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Symposium III
5:00pm – 6:30pm, Yerba Bueno Salon 2

Flow experience explained from different theoretical perspectives - towards a synthesis.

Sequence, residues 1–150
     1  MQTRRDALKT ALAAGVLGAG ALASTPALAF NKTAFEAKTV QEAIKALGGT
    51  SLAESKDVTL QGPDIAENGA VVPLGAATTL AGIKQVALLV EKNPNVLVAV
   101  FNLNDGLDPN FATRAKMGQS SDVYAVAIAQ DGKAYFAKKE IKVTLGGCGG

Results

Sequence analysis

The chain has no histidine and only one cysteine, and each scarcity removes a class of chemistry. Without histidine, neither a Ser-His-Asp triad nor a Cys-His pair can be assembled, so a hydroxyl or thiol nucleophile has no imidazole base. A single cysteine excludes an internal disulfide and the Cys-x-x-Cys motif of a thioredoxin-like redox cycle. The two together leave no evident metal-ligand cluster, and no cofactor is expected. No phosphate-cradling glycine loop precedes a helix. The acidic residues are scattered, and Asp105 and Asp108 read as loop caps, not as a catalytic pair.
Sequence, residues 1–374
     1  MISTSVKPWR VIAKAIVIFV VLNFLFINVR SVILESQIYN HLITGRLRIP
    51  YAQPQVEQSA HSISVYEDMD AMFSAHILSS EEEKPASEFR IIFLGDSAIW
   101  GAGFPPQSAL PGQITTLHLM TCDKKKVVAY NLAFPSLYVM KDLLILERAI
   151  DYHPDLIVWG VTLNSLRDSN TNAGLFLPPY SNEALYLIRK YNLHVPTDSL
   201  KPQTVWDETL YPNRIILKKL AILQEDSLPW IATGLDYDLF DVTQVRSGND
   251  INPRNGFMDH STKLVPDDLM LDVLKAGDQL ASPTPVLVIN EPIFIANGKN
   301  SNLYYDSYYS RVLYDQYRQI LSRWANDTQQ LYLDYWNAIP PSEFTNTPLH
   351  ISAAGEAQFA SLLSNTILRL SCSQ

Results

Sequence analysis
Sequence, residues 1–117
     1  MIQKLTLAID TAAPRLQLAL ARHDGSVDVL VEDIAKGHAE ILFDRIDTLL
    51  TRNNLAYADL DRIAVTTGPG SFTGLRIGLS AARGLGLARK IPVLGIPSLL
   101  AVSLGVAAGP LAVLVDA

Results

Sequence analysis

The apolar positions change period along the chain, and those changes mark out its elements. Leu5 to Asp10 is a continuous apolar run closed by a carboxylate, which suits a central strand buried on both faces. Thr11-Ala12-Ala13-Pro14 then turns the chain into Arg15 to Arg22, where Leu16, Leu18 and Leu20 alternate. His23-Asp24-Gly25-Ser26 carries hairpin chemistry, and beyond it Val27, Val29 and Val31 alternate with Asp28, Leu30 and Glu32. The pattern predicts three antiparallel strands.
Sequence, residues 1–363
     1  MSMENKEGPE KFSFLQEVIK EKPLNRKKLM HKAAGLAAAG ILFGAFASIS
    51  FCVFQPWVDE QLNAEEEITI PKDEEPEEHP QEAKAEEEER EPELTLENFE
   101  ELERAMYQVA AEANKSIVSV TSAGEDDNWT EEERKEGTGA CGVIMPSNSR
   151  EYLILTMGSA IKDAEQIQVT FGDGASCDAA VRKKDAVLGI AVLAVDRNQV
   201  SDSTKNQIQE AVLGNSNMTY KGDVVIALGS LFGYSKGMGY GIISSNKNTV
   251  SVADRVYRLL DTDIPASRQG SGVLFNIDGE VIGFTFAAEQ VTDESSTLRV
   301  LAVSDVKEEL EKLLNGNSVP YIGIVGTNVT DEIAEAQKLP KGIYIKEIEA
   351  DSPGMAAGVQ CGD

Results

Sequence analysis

Co-chairs: Discussant: Kaspar Schattke (Technische Universität München, Germany), Stefan Engeser (Technische Universität München, Germany) Stefan Engeser (Technische Universität München, Germany)